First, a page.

Postbellum

Prologue: aegri somnia

By: Serendipity

Borders are scratched across the hearts of men
By strangers with a calm, judicial pen,
And when the borders bleed we watch with dread
The lines of ink across the map turn red
.
~Marya Mannes, Subverse: Rhymes for Our Times

__________________

His coronation had been spur-of-the-moment, more symbolic than ceremonial. To appease the Fire Sages and his people, he underwent the tradition rituals that the heir to the throne must undergo before ascending to the position of Fire Lord. It wasn't all a gesture of conciliation, he also felt that, if he was going to be the new ruler, he had to take care to do the thing properly. And once he set out to do something, he didn't do it by halves.

So, Zuko spent the proper three days in fast and meditation, wearing robes of light linen, not the mourning color of pure white, but robes the color of candle flame for purification. Dyed in saffron, like the robes of the Air Nomads. (The irony didn't escape him.)

These days were spent in special rooms made particularly for this ceremony: their walls of flat, dust-brown stone and a cool flagstone floor, with thin rice paper coating the windows. There, under the watchful eye of a pair of suspicious Fire Sages, he conducted the Trials of the Spirit. Sacred incense burned as he meditated, the rooms heated with steam and hot stones, enough to make him sweat himself into dehydration, and they quenched his thirst only after each set of hours was reached. If he passed out from exertion, he would prove himself unworthy. While he was in deep meditation, he was expected to use his firebending to keep a set of twelve candles burning to rhythm of his breathing, the flame thinning for his inhale and swelling in each exhale.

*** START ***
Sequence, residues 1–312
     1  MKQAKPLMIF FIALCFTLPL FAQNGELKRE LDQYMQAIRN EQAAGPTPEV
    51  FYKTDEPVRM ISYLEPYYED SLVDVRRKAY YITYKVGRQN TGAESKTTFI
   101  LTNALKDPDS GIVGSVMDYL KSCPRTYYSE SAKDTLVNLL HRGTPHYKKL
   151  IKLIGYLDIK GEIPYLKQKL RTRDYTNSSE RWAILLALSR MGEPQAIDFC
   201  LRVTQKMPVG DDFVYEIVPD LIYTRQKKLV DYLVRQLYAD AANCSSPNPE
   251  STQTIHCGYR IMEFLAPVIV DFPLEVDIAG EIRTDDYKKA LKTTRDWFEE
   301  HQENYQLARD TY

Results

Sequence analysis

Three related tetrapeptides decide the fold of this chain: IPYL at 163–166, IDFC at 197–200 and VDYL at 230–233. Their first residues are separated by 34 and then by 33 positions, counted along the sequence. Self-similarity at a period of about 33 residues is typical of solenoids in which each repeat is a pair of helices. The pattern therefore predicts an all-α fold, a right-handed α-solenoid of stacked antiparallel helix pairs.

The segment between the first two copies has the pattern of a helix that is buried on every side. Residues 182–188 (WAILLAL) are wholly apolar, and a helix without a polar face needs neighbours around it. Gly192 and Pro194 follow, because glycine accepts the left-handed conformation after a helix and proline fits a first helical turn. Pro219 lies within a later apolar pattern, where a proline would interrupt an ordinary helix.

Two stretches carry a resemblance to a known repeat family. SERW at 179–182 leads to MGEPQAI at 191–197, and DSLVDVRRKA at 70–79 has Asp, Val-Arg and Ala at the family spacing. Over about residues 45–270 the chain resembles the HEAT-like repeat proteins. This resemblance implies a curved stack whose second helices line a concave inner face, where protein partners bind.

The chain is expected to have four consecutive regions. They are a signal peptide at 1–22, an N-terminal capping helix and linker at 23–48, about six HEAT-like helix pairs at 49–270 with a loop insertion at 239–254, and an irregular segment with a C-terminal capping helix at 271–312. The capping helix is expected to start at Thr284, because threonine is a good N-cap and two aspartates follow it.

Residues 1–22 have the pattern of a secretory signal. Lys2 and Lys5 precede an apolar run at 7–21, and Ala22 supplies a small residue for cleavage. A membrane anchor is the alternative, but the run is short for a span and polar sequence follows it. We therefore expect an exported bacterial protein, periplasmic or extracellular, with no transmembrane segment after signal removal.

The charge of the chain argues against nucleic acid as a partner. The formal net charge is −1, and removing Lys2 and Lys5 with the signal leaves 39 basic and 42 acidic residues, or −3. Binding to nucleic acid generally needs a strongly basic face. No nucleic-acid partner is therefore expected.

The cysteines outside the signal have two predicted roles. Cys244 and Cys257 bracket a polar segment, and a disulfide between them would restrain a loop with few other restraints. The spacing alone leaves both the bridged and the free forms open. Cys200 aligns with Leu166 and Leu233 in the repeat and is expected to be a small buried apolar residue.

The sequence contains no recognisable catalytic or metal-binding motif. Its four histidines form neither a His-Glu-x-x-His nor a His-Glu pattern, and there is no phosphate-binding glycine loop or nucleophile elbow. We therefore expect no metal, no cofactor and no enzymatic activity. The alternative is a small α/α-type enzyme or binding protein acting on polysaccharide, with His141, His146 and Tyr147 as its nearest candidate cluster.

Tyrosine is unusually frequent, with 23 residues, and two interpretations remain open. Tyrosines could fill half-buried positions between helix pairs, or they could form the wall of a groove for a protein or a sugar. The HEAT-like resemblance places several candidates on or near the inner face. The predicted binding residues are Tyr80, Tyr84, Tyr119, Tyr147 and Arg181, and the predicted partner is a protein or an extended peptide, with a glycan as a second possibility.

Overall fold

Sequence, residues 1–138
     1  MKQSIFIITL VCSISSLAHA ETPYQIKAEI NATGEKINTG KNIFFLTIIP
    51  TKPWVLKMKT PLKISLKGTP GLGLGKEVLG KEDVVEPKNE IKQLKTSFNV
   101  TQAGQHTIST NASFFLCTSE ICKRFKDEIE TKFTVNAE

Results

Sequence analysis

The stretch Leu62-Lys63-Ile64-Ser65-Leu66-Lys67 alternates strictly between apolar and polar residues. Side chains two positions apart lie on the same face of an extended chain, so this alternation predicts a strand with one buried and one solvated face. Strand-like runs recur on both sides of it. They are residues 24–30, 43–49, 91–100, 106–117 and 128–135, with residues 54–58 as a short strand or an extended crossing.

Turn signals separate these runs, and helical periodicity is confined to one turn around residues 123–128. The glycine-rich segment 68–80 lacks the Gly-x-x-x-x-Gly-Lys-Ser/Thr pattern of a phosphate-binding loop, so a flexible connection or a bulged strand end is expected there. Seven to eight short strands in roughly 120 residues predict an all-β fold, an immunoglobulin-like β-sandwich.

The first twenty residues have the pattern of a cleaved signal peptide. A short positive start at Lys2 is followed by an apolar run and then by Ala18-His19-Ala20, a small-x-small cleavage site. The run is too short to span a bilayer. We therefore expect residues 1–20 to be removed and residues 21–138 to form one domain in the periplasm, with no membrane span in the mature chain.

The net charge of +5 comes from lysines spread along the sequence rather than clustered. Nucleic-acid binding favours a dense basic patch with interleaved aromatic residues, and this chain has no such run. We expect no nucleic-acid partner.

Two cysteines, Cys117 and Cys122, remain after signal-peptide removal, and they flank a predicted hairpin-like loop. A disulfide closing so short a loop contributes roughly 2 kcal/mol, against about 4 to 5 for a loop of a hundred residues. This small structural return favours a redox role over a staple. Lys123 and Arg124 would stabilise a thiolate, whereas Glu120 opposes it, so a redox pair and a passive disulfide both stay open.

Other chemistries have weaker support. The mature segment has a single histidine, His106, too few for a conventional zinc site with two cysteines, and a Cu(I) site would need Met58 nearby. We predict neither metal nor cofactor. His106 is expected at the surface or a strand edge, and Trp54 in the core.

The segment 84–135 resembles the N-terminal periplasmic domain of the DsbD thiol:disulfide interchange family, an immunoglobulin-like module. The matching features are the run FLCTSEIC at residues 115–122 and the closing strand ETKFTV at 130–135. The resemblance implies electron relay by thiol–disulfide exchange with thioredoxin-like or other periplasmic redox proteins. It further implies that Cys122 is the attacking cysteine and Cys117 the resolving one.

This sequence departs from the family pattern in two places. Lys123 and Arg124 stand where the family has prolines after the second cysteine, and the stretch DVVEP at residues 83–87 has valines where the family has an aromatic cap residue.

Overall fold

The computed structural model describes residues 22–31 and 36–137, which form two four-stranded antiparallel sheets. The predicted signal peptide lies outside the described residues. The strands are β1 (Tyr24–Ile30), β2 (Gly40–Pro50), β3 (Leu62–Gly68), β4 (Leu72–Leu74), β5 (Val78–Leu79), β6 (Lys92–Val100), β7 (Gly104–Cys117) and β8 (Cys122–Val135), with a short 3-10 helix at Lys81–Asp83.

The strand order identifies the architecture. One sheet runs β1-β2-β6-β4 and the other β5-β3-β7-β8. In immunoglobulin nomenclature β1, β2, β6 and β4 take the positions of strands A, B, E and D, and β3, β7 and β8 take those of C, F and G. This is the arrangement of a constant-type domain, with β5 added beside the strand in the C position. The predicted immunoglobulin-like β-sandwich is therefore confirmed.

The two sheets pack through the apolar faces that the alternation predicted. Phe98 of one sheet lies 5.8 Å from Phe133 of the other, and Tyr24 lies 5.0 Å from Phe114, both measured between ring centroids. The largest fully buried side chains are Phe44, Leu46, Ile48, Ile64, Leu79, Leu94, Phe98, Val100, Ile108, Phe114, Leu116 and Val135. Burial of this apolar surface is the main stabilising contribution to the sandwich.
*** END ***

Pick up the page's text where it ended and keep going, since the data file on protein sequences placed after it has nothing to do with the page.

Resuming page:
Traditionally, the Fire Lord to-be moved on from trials of the spirit to trials of the body, engaging in a ritual combat that was more of an intricate dance, positions memorized by the royal children from when they were young. Seong, one of the younger sages, snidely pointed out that his acts in the overthrowing of his father and younger sister surely proved his physical prowess. Surely, he suggested in tones of barely-veiled spite, his eminence didn't feel it necessary to engage in any more combat.

Still tired from the night-long vigil in the meditation sanctum, he felt irritable and unbalanced from lack of sleep and food. Saying nothing, he'd turned brusquely away from the sage, fire coiling savagely in the pit of his stomach, awaiting release. Control it, he thought, savagely pushing the anger away, remember you know what true firebending is and don't give way to anger.

"I will complete the ceremony correctly," he said patiently, his voice given an extra growl with his tightly-leashed emotions. "Every aspect of it."

The moves were graceful, energetic, and aggressive. Complicated enough that he had to focus on each one. Azula, he had no doubt, would have executed them with effortless grace- or had she? Azula, lying broken and chained on the ground, screaming and writhing. Azula, crying and ranting about their mother, their father, their family. She'd fallen a long way from the perfectly-controlled demon she had been- and he wondered if he'd failed to see that control as a spring coiling tighter and tighter, getting ready to break apart. No, he thought, by the time of her would-have-been coronation, even Azula would have had trouble going through these forms. It was a cold comfort, and bitter in the back of his throat.

At the end of his trials, they made him kneel at the foot of the shrine of his ancestors, the scent of vetiver and benzoic rising sinuously from the sticks of incense before the altar. He presented the offerings of sacred oils and fruit- his choice an apple, for peace. His uncle had told him where to find the next set of offerings: four tablets of different-colored jade inscribed with the symbols for each four nations. Red jade, for fire, green for earth, blue jade (the rarest) for water, and yellow for the lost nation of air. A pai sho white lotus tile, for purity and spiritual perfection, (and for the men who took back Ba Sing Se.)